Hanson and the Galesburg grade separation projects go way back.
Situated on Interstate 74 in northwest Illinois, Galesburg is home of the heavy-duty, double-track mainline Chillicothe Rail Subdivision. Running on an east-west orientation through the north side of downtown Galesburg, the Chillicothe sub is the transcontinental route connecting Chicago to the ports of Los Angeles and Long Beach, California. In the early 2000s, the city began laying the groundwork for a plan to address problems resulting from the Chillicothe sub, as well as the Mendota rail subdivision. Main and Seminary streets are major arterial routes in Galesburg, and more than 100 trains cross them each day; prior to the grade separations, traffic was stopped for up to eight hours each day because of trains passing through the East Main, West Main and Seminary crossings.
City leaders knew the traffic congestion and train noise had become such a problem for residents and business owners that a solution was critical. Kirk Brown, P.E., a senior policy adviser at Hanson, began meeting with Galesburg officials, including then-city engineer Wayne Carl, P.E., in 2004. Over several years, Kirk worked with Carl (currently Galesburg’s director of planning and public works) and the city in an effort to communicate with the Illinois Department of Transportation, Illinois Commerce Commission and Illinois General Assembly, among other groups, to devise a funding plan. Kirk met with the government organizations and helped the city make a case for the bridges that ultimately would ease a major burden on the community. It was crucial for Galesburg to work with these groups, Kirk said, because two of the three projects would involve state roadways.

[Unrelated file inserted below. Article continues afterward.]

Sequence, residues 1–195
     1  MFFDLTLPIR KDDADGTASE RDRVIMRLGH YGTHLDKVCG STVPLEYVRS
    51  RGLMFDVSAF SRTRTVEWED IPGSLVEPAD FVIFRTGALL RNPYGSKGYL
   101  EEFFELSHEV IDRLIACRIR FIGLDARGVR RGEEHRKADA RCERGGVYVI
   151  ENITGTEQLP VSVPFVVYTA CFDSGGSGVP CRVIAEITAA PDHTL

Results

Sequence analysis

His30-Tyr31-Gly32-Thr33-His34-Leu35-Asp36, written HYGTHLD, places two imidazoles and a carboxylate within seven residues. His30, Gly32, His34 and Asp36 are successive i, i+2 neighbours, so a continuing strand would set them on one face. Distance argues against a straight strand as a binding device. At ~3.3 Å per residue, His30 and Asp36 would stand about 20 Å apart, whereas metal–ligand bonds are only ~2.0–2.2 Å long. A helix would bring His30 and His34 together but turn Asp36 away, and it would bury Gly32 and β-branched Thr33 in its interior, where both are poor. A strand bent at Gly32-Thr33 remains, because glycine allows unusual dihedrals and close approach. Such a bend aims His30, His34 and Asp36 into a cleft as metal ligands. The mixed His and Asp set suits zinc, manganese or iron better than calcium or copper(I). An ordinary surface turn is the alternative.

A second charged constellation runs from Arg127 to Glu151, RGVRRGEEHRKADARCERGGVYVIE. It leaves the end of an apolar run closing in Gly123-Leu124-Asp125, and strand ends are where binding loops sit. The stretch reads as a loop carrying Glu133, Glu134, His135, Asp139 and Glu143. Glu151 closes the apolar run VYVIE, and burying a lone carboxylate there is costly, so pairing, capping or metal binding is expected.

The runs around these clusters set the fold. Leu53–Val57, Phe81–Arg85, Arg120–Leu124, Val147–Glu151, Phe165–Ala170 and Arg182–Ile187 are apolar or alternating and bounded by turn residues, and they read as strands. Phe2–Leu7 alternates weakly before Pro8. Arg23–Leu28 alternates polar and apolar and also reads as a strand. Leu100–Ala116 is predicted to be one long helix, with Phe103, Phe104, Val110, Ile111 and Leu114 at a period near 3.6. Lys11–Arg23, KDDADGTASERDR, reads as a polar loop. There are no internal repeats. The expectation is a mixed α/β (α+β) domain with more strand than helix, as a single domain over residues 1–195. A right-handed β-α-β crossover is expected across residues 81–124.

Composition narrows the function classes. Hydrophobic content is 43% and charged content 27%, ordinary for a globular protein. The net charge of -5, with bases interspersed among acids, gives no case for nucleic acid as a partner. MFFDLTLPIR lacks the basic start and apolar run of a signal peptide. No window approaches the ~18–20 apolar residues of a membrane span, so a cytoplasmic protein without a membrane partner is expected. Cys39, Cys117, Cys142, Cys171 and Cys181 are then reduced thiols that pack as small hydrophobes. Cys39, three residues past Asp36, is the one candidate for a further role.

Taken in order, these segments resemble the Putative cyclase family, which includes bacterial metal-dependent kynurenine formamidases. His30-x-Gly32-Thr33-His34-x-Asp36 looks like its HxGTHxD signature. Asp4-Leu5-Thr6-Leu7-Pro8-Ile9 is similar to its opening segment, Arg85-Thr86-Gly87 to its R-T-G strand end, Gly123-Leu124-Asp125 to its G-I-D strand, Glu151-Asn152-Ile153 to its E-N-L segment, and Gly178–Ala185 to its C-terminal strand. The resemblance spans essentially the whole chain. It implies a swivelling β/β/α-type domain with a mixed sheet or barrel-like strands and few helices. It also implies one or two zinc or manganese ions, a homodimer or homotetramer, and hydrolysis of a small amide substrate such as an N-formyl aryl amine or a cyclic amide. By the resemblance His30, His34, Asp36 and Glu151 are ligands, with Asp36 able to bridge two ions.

The three projects included the Donald L. Moffitt Overpass on West Main Street, completed in 2012; the Bickerdyke Bridge at North Seminary Street and Kellogg Street, opened in 2014; and the Rev. Jon A. Sibley Sr. Underpass, unveiled in 2018.
Kirk said Hanson helped city officials kick off the process. “The city wasn’t sure how to start,” he said. Once planning was underway, “They did an outstanding job of carrying out the strategy,” he added.
Kirk also pointed to Hanson’s established relationship with BNSF Railway Co. as a boon for the projects. “We do a lot of work for BNSF,” he said, “and the fact that they knew us and had worked with us helped move along the process.”
The underpass and two overpasses improved traffic flow in the city and reduced response times for emergency vehicles. The elimination of vehicle and pedestrian crossings increased safety, and the addition of quiet zones decreased disruptive noise from train horns. Historic preservation and land acquisition also were key aspects of the projects. Galesburg is the future home of the National Railroad Hall of Fame, and the project team improved access to the planned museum by curving the alignment of the roadway near the Seminary overpass.
Carl said that, since the bridges were completed, the city’s downtown has been the most active he’s seen it during his 20 years living and working in Galesburg, adding that thriving businesses have brought new life to the area.
“The final product,” Carl said, “is largely based on Hanson’s effort.”